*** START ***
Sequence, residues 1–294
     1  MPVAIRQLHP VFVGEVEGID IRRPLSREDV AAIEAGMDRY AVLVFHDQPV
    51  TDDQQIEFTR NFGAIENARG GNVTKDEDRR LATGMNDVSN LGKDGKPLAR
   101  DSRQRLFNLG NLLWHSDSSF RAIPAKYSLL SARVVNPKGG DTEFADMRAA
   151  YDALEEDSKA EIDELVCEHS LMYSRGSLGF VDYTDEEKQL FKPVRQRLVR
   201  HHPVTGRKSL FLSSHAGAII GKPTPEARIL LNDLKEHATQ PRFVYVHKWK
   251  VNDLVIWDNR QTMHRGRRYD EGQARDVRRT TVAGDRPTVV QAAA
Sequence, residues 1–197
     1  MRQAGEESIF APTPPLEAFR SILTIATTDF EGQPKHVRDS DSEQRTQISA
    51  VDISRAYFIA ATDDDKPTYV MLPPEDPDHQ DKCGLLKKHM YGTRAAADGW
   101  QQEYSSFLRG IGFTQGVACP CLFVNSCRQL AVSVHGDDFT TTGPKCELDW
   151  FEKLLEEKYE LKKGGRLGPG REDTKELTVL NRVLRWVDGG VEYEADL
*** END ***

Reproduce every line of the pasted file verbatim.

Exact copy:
Sequence, residues 1–294
     1  MPVAIRQLHP VFVGEVEGID IRRPLSREDV AAIEAGMDRY AVLVFHDQPV
    51  TDDQQIEFTR NFGAIENARG GNVTKDEDRR LATGMNDVSN LGKDGKPLAR
   101  DSRQRLFNLG NLLWHSDSSF RAIPAKYSLL SARVVNPKGG DTEFADMRAA
   151  YDALEEDSKA EIDELVCEHS LMYSRGSLGF VDYTDEEKQL FKPVRQRLVR
   201  HHPVTGRKSL FLSSHAGAII GKPTPEARIL LNDLKEHATQ PRFVYVHKWK
   251  VNDLVIWDNR QTMHRGRRYD EGQARDVRRT TVAGDRPTVV QAAA
Sequence, residues 1–197
     1  MRQAGEESIF APTPPLEAFR SILTIATTDF EGQPKHVRDS DSEQRTQISA
    51  VDISRAYFIA ATDDDKPTYV MLPPEDPDHQ DKCGLLKKHM YGTRAAADGW
   101  QQEYSSFLRG IGFTQGVACP CLFVNSCRQL AVSVHGDDFT TTGPKCELDW
   151  FEKLLEEKYE LKKGGRLGPG REDTKELTVL NRVLRWVDGG VEYEADL